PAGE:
Paragon Salon & Day Spa celebrated the opening of their new location along Fifth Street in the Carew Tower yesterday. While smaller in size than their previous location, the move serves as a potentially monumental moment for the center city since it paves the way for the demolition of the decaying Pogue’s Garage.

While the location of Pogue’s Garage is one of downtown’s most prominent, it is also one of the ugliest and most inhospitable blocks in the city. In 2013 a plan was crafted to fix that by tearing down the decrepit garage and replacing it with a new parking structure, street-level grocery store and 300-unit residential high-rise. Due to politics, finances and other logistics, that plan stalled and was eventually amended in December 2014.

Under that revised plan, Indianapolis-based developers Flaherty & Collins agreed to build an eight-story residential structure, with 208 units, while 3CDC would build a 925-space parking structure that would serve as the tower’s platform. The project would also include 25,000 square feet of street-level retail space.

In addition to serving the project’s needs and providing a platform for the tower to rise, the new parking structure would also provide parking capacity for the many historic high-rises along Fourth Street that currently lack any parking options at all. City officials point to public garages such as this as an opportunity to better utilize those other properties.

But before any of that can happen, the massive Pogue’s Garage must be demolished. That, in and of itself, would serve as a major benefit for downtown as it would remove one of its biggest eyesores and improve safety for people walking and biking along Fourth, Race and Elm Streets.

That demolition effort is not expected to be easy. Due to its immediate surroundings, the structure will not be able to be imploded, and will thus need to be deconstructed using traditional methods over a much longer period of time. Further complicating the matter was Paragon’s ongoing presence in the structure, which was obviously relieved yesterday.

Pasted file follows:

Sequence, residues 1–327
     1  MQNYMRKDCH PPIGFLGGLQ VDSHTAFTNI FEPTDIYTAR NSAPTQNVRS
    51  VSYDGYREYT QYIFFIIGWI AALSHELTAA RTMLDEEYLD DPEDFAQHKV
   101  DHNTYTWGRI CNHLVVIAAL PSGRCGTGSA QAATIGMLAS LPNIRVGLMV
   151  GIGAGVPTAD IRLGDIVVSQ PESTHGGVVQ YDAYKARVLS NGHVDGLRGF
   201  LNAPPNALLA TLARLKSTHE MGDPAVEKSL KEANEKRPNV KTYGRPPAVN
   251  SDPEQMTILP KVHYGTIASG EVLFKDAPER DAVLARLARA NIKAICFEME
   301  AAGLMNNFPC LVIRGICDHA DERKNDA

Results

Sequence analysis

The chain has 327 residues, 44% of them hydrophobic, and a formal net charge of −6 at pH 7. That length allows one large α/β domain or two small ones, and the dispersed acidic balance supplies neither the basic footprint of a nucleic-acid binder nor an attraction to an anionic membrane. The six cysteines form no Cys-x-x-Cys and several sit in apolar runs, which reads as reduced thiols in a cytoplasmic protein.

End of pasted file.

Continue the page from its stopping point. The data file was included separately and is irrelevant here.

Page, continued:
There is no word yet on when demolition work will begin, but it now appears likely that work will finally advance on one of the center city’s highest profile projects. The coming weeks should reveal what its revised design will look like and when residents will be moving in.

VIDEO: ‘Mobile Cyclist’ Explores Cincinnati’s Growing Bike Culture

The growth of Cincinnati’s bike culture has attracted national and even international attention over recent months. While much of the attention has been paid to the growth in ridership and use of Red Bike, less focus has been on the more intangible growth of the various support industries and groups helping fuel the change.

In the third episode of Mobile Cyclist, a web-based TV series focused on bicycling culture across the United States, host Anthony Barr explores the Queen City. In the nearly 13-minute video Barr takes viewers to a collection of bicycle friendly destinations that help shed some light on the region’s bike scene.

He first stops at Velocity Bike & Bean in Florence, where he tries some coffee and talks to the owners. Then he visits the Cincinnati Bike Center at Smale Riverfront Park to discuss how it operates, and how its bike rental services differ from those offered by Red Bike. Following that, Barr stops to speak with the ever-present Frank Henson from Queen City Bike, before making his way to Element Cycles in Hyde Park to check out their art work and bamboo bikes.

The last stop on his tour takes him to Fifty West Brewing where he learns about the Little Miami Scenic Trail and Oasis Trail, along with their bicycle friendly brew called Radler.